CUPE and the FTQ have uncovered some shocking statistics about the high-cost of “independent” labour in health and social services, one day before a bill is to be tabled in Quebec City.
Between 2016 and 2022, a total of $3 billion was spent on private sector labour in the public system. Costs have ballooned, rising from $170,294,033 in 2016-2017 to $917,643,094 in 2021-2022. This sharp increase has also been noted in the total wage bill, where the corresponding figures, in percentages, rose from 1.48% in 2016-2017 to 5.42% in 2021-2022.
Category 1 personnel, including professions such as nurses and respiratory therapists, receive great attention whenever the issue of private sector agencies comes up. This category accounted for about $861 million from 2016 to 2022.
Category 2 personnel, including professions such as personal support workers, maintenance and sanitation employees, and specialized workers, now accounts for a staggering $1.5 billion.
“This earth-shattering data is extremely worrisome for Quebeckers. The public system is quickly losing personnel who are being hired by private agencies that offer them better schedules. It’s a vicious cycle and an insult to workers remaining in the public system,” says FTQ President Magali Picard. “In addition, labour from private agencies costs taxpayers about one-third more than in-house labour, even when benefits are factored in. The money wasted in agency personnel should instead be invested in public sector labour to improve working conditions and ensure better retention.”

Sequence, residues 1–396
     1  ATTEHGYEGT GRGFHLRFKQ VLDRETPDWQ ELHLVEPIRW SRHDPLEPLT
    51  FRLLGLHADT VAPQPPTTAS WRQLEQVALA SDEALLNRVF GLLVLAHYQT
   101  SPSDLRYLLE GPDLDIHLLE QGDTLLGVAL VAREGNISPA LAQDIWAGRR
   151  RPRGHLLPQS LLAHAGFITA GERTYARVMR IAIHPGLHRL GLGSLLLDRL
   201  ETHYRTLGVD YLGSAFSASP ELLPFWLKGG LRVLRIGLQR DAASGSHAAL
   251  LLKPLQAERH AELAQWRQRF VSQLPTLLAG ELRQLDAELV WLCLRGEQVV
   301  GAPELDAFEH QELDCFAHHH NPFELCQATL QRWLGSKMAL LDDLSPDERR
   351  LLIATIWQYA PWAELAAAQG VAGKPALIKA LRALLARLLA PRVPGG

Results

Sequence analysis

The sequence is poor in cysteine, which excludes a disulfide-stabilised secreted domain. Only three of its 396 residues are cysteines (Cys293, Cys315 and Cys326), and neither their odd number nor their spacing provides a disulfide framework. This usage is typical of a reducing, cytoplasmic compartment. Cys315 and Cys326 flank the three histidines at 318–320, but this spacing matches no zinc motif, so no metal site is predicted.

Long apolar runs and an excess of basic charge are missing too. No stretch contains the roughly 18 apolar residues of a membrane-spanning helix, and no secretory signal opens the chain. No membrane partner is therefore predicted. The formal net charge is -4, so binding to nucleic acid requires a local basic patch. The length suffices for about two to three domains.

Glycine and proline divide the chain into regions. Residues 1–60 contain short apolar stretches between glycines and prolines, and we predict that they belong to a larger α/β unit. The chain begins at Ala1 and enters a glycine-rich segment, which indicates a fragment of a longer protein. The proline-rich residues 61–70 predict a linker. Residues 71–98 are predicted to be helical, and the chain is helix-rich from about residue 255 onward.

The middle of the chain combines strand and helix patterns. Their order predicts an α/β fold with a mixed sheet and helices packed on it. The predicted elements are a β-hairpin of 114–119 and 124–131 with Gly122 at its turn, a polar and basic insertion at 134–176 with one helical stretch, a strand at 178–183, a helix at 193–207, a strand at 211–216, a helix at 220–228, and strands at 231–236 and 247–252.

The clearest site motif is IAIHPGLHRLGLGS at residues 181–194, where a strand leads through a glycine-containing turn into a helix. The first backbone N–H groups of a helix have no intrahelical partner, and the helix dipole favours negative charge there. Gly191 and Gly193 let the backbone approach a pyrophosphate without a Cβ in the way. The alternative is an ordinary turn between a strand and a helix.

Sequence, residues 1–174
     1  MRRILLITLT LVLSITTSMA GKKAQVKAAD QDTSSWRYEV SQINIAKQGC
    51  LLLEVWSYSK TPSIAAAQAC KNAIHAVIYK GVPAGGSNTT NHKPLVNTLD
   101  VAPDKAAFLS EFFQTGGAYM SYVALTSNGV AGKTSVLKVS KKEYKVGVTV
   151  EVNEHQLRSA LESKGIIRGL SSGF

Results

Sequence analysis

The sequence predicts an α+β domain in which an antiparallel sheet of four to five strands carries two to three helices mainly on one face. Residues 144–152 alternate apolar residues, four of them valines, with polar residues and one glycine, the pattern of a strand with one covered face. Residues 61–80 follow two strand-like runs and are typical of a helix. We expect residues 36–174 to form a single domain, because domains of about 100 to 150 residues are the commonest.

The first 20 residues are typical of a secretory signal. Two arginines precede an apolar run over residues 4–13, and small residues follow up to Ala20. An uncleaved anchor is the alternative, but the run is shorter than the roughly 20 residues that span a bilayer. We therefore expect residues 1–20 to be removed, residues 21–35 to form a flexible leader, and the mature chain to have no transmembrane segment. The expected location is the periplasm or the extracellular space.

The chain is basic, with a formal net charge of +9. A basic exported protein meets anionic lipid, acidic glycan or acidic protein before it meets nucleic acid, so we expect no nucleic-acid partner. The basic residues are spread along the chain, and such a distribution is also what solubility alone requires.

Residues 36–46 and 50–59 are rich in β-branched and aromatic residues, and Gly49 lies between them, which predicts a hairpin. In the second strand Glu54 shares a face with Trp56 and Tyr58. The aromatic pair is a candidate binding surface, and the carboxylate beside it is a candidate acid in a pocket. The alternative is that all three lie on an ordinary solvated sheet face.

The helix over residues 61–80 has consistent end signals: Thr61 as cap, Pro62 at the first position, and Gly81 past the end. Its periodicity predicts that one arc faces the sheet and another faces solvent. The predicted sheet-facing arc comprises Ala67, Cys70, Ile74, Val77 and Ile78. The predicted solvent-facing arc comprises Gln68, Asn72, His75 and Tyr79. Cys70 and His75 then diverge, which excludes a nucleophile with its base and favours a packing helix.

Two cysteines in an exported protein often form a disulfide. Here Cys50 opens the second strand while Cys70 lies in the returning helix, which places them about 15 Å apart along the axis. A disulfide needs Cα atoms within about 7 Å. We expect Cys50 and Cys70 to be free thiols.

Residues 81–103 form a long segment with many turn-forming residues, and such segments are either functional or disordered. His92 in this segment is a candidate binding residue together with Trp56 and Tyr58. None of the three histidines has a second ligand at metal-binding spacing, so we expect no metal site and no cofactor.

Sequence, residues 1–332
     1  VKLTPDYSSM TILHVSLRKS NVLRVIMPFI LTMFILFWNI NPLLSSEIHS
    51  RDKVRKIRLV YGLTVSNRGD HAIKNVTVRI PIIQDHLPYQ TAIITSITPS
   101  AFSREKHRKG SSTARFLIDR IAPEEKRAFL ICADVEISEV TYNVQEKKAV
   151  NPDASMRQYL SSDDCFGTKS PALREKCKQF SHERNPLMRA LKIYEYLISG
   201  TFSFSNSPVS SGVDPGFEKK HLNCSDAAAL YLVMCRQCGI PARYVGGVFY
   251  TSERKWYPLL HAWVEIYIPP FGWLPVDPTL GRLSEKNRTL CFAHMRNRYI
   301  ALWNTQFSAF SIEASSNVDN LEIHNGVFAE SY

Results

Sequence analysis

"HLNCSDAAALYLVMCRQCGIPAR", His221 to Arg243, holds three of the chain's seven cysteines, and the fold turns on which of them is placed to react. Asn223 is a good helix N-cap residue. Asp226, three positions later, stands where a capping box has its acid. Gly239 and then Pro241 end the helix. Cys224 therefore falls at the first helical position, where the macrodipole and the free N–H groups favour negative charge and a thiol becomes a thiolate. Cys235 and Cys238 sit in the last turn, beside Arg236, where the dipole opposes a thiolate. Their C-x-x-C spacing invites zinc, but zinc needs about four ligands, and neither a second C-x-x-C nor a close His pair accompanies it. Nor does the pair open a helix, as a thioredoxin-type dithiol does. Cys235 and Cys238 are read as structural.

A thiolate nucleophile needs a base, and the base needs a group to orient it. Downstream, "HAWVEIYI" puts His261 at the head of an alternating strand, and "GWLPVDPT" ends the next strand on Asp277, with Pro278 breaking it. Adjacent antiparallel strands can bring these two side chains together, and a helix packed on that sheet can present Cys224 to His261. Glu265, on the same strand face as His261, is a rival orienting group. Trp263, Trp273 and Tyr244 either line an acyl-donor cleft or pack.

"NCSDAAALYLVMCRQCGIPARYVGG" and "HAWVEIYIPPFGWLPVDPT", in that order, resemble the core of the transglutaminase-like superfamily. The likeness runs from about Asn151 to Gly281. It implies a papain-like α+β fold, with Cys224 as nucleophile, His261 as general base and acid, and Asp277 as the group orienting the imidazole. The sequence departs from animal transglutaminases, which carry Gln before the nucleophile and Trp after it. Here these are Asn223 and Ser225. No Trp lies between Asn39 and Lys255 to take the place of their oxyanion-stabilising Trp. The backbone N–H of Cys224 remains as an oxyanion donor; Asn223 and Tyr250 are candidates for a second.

Maxime Ste-Marie, of the Conseil provincial des affaires sociales (CPAS-CUPE), notes that: “People from agencies are not there for the long haul. They come and go quickly. They don’t have enough time to become acquainted with the institution, patients, colleagues, or equipment. This conflicts with the principle of continuous care, which is crucial. Increased use of agencies is a sure sign that care and services are deteriorating, which adversely impacts the public.”
The union calls for the halt of the utilization of private agencies and for the work to be brough the public system.
“There is no reason to turn to these agencies, aside from filling the pockets of intermediaries. All staff must be brought back to the public system and offered attractive working conditions,” says Picard.
The FTQ is the largest labour federation in Quebec and represents more than 600,000 workers.